Every day at Homewood Suites by Hilton properties throughout North America, hotel staff members gather for what the brand calls “huddles.” Huddles are morning (or evening, in some cases) meetings where managers go over the upcoming day or shift. They talk about expected occupancy for the day, daily goals, special services that may be needed, new initiatives and ideas, and recognition and rewards for employees. In short, they communicate, collaborate, and celebrate, says Bill Melton, brand performance support for Homewood Suites by Hilton.
Huddles are a key part of the service culture of Homewood Suites, and they are intended to make that culture increasingly better. As Homewood Suites brand managers and executives like to say, it’s a catalyst for the guest satisfaction success the brand has enjoyed—Homewood Suites has been recognized with J.D. Power Awards in eight of the last 10 years.
But the brand isn’t taking those accolades and sitting on its laurels—something it has spent a great deal of time ingraining into its associates. And, that was a primary theme of the AGM/FOM Summit at the Embassy Suites Philadelphia Airport last week. Lodging had a rare front-row seat into the inner workings of brand management training when the summit—a “super huddle” if you will—hosted assistant general managers and front office managers from Homewood Suites properties from around the Middle Atlantic Region.
Part training, part pep rally, the summit, led by Melton; Jim Wogsland, director of brand support; Frank Saitta, senior director, hotel performance support; Judy Webb, director of hotel performance support; and Lisa Webb, pre-opening manager; covered everything from brand goals to guest service to employee recognition. Among the goals of the summit were to discuss leadership skills, training insights, team building, rewarding performance, growing loyalty, and sharing resources. The brand held similar events in Orlando, Las Vegas, Chicago, and Richmond; and will be in Dallas later this week. A series was held last year with executive housekeepers and chief engineers.
A largely interactive event of approximately 50 managers from Homewood Suites properties, participants learned the importance of guest service and employee satisfaction to the bottom-line of the brand and consequently Hilton Worldwide. “People will pay more money when they know they’re being taken care of,” Marlton told the audience.
At the heart of improving guest service is the quality of leadership present at the brand’s properties. Saitta reiterated the brand’s core pillars with the group, imploring the managers to realize that they are all part of a bigger organization. However, they are a vitally important part. “The brand doesn’t grow without the tireless work you do,” he told the managers.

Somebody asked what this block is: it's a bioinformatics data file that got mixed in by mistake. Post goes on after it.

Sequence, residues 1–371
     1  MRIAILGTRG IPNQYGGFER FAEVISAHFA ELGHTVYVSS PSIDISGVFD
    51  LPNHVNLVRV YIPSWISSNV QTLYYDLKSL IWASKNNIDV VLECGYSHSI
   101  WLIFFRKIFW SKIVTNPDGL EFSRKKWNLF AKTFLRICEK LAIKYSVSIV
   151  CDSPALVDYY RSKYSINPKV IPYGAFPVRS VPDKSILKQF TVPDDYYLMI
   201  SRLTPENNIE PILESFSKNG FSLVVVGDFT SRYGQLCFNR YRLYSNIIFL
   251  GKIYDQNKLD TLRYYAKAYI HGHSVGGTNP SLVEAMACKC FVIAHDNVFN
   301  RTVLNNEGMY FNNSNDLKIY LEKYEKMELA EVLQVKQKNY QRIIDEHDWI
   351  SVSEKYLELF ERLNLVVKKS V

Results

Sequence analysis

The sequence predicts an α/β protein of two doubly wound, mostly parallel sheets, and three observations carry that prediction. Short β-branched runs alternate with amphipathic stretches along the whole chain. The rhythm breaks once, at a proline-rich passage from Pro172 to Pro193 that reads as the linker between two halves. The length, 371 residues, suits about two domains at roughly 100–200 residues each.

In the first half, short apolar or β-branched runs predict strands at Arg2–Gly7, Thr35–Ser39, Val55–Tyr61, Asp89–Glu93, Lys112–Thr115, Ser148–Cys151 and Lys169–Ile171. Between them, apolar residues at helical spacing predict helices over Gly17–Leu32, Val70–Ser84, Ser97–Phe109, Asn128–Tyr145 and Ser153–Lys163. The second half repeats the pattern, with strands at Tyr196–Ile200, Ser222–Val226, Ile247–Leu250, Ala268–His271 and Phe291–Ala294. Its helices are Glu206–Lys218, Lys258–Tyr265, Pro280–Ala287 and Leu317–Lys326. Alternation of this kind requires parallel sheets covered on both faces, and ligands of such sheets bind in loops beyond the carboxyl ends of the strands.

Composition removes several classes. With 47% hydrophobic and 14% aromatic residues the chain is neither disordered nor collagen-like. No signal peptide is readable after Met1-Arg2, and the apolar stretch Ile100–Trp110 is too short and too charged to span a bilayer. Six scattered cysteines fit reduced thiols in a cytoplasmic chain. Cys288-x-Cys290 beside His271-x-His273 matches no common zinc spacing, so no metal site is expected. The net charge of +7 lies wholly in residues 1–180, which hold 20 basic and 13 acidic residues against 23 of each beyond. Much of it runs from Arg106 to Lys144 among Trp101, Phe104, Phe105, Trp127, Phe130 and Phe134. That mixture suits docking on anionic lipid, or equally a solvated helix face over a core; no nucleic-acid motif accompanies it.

He explained seven “breakthrough behaviors” the managers could perform to make themselves better leaders. “They can be done by anyone and you don’t have to be an over-the-top personality,” he said. The behaviors include: reviewing SALT scores everyday with the staff, holding staff meetings, walking the property every day, instituting a system of employee empowerment, involve everyone in sales, recognize good work, and celebrate personal milestones of employees.
Meanwhile Webb took the concept of involving everyone in sales a step further as she described the brand’s “I Am Sales” initiative. The official program is designed to make every employee of a hotel part of the overall sales effort. The program actually measures the number of sales that are made via the program. Webb pointed out that through April, the properties of the attendees at the summit had contributed $551,623 via the I Am Sales program this year.
The summit wasn’t simply a stale seminar. Several breakout exercises put the managers’ brains to work, and helped them enter into collaborative relationships with each other—another theme to the summit. Those breakout activities included: training exercises, revenue optimization, insights into the CRM system and HHonors recognition, dealing with service and property issues, and idea creation.
During a “Speed Ideation” exercise, led by Hailey, the managers took turns quickly coming up with new ideas for better guest service and employee relations. Included in those ideas were ways to better recognize and service the 32 million HHonors members, who drive more than 40 million room nights annually throughout Hilton Worldwide.
Hailey also led another exercise in which attendees learned how to better communicate instructions by building a paper boat (not as easy as you may think.) In addition, team building exercises included collaborative efforts in building vessels to drop eggs from the hotel balcony without breaking them.
In addition, to the training exercises, Wogsland let the inquisitive and engaged attendees in on many of the brand’s numbers and performance successes. Included in those numbers were gains in occupancy (5 percent), ADR (2.6 percent), RevPAR (7.75 percent), and extended-stay occupancy (1 percent). It also included significant brand performance gains loyalty, service, and problem resolution.